German 65-year-old mother-to-be of quadruplets defends pregnancy decision | News | DW | 14.04.2015

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German 65-year-old mother-to-be of quadruplets defends pregnancy decision

A 65-year-old Berlin school teacher, and soon-to-be mother of quadruplets, has defended her decision to have more children. Doctors have warned of the risks to her and the four babies.

Annegret Raunigk is expected to give birth to quadruplets within the next two months. Already a mother of 13, with five fathers, Raunigk said she decided to get pregnant because her 9-year-old daughter wanted a younger sibling.

Raunigk told the Bild tabloid newspaper that donated eggs were fertilized and implanted at a clinic outside Germany. Several attempts were necessary before she became pregnant.

She defended her decision, saying: "How does one have to behave at 65?"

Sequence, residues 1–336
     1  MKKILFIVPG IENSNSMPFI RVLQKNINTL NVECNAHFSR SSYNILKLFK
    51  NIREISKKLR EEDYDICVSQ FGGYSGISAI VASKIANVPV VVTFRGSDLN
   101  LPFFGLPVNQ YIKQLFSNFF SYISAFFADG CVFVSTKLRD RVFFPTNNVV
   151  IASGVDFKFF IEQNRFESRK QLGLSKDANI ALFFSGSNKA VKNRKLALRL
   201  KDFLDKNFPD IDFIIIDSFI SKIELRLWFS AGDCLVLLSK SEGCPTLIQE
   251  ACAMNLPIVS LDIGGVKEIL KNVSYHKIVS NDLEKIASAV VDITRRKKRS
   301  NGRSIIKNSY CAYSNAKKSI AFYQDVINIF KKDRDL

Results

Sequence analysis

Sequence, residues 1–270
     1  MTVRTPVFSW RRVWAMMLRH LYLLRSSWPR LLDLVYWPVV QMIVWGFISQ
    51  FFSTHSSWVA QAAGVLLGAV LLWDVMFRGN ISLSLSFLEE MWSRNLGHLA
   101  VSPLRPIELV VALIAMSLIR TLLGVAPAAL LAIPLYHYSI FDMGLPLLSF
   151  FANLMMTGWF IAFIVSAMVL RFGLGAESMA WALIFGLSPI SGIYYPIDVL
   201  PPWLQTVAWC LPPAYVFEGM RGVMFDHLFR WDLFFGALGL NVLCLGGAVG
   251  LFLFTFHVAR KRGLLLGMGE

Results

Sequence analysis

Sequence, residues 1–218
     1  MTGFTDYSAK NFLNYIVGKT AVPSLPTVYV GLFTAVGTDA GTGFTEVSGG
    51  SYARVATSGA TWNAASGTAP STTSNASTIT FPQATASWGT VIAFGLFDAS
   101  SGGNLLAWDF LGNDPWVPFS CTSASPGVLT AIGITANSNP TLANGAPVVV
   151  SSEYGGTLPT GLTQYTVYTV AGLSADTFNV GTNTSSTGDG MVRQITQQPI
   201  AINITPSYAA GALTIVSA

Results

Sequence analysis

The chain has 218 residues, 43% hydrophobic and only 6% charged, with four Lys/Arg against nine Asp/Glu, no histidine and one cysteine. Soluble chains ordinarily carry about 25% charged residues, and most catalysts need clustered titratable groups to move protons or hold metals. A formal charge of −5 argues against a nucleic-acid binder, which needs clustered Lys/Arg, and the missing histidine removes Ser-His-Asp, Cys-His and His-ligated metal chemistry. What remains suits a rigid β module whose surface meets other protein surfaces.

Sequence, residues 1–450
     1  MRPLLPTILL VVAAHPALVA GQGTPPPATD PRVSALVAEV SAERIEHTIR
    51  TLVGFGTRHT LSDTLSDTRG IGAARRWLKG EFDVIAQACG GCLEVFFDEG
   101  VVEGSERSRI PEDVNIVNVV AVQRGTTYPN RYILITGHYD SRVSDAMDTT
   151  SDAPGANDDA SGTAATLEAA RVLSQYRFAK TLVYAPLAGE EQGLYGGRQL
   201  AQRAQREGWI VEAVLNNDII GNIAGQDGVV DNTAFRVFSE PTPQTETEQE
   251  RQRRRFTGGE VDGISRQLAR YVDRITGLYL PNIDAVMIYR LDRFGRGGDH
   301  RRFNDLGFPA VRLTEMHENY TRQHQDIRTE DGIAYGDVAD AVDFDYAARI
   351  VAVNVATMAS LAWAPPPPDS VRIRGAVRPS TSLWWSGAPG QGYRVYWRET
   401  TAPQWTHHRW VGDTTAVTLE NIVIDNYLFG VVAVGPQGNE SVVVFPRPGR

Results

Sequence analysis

"They can see it how they want to," she said of her critics, "and I'll see it the way I think is right."

High-risk pregnancy

The decision by Raunigk, who is soon to retire, has been met with criticism by doctors who have warned of the risks both to her and the unborn babies.

"Any pregnancy of a woman over age 45 has to be considered a high-risk pregnancy; over 60 this is naturally extreme," said Dr. Holger Stepan, head of obstetrics at the University of Leipzig. "The 65-year-old body is definitely not designed to carry a pregnancy, not of one child and certainly not of quadruplets."

Germany's RTL broadcaster plans to track Raunigk through her pregnancy and afterwards.

Raunigk made headlines 10 years ago when she gave birth to her 13th child, Lelia, at the age of 55.

jm/cmk (AFP, AP, EFE)